(Closed) Does my invite wording look ok? anything I should change before I print??

posted 5 years ago in Paper
  • poll: is my wording ok?
    yes, you're good to print! : (1 votes)
    10 %
    no... (comment) : (9 votes)
    90 %
  • Post # 3
    738 posts
    Busy bee
    • Wedding: June 2013

    @Mint2Bee:  I think when you say ‘together with their parents’ it’s a bit much to also list the parents names. 

    Post # 4
    9952 posts
    Buzzing Beekeeper
    • Wedding: December 2012

    Etiquette Snob here…

    Ok Question…

    Are BOTH sets of Parents still married to one another?

    OR are these Parents & Step-Parents… or some other set-up

    Reason I ask is you have put in the Mr & Mrs Titles for both the Men & Women, and that isn’t needed.

    Clarify this point, and I’ll get back to you on the rest.

    As there are different formats depending on WHO is Hosting, and what their relationship is to the Couple


    Post # 6
    3039 posts
    Sugar bee
    • Wedding: August 2013

    As previous poster had already commented on, the beginning doesn’t really work. When I read “Together with their parents” I expect the name of the couple to immediately follow. As it’s not, it’s confusing. Also, I think it looks strange listing the parents the way you’ve done. Since it looks like you’re aiming for a more formal invitation I would rather expect it to say “Mr & Ms John Smith…”


    Post # 7
    3688 posts
    Sugar bee
    • Wedding: August 2013

    If you say “together with their parents,” you don’t go on to list the parents. I’d say something like:

    Mr. and Mrs. John Smith
    Mr. and Mrs. Lawrence Doucet

    request the honour of your presence at the marriage of their children

    Sarah Erin
    Andrew John

    Although this wording is only used for church weddings, but you get the idea. If you don’t want the invite to be as formal, you could say:

    John and Ellen Smith
    Lawrence and Anna Doucet

    request the honour….blah blah blah.

    That way you list all parents

    Post # 9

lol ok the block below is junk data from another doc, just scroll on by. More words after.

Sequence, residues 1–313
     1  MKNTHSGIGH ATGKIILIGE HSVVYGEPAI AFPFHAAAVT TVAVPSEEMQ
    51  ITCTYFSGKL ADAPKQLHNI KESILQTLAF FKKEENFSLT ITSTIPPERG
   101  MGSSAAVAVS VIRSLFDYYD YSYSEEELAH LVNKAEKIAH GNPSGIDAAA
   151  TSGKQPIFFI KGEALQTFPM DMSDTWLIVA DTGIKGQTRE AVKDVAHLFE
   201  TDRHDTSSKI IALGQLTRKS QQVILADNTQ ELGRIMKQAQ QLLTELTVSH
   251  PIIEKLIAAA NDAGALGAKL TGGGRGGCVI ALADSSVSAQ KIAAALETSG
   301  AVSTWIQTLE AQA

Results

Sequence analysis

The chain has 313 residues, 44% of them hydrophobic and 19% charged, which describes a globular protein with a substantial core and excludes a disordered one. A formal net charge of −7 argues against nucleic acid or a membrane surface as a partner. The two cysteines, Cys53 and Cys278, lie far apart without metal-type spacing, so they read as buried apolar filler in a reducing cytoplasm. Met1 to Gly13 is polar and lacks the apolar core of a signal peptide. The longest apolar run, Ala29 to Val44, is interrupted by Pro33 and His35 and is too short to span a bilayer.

911 posts
    Busy bee
    • Wedding: October 2013 - The Down Town Club, Philadelphia


    if youre going for formal, (which I assume you are bc you wrote out the numbers)

    the date should read:

    Saturday, the twenty fourth of August

    Two thousand thirteen

    (no “and” in the year)

    – The year is on it’s own line – 

    and you don’t need at “at” before the time




    Post # 10
    50 posts
    Worker bee
    • Wedding: March 2013

    I agree with others… if you are going to list all parents’ names then you do John & Ellen Smith or Mr & Mrs John Smith… no need for both people to have a last name if they are still together. But if you don’t want to list everyone’s names, then put Sarah Erin and Andrew John together with their parents invite you… etc. If you want parents’ names then put the names followed by “request the pleasure of your company at the marriage of Sarah…” or “request the honor of your presence at the marriage of Sarah….” if a church ceremony.

    You can also just spell out five o’clock (no at) and also no “in the afternoon”. People will know it’s not 5am.

    Post # 11
    502 posts
    Busy bee
    • Wedding: October 2012

    I agree with pp’s

    Post # 12
    2497 posts
    Buzzing bee

    @Mint2Bee: The first T should be capitalized but subsequent beginnings of lines should not (unless the word is a proper noun, like “Saturday”). Let me know if that doesn’t make sense and I’ll type out the invitation wording for you.

    Post # 13
    2640 posts
    Sugar bee
    • Wedding: April 2014 - Italian Villa

    Be careful. Your original, “to celebrate the marriage of their children” was good, but PP reccommended you write “Invite you to the marriage of…” which isn’t true. These people aren’t invited to the whole darn marriage. So either say to celebrate the marriage, as you said, or to the wedding of.


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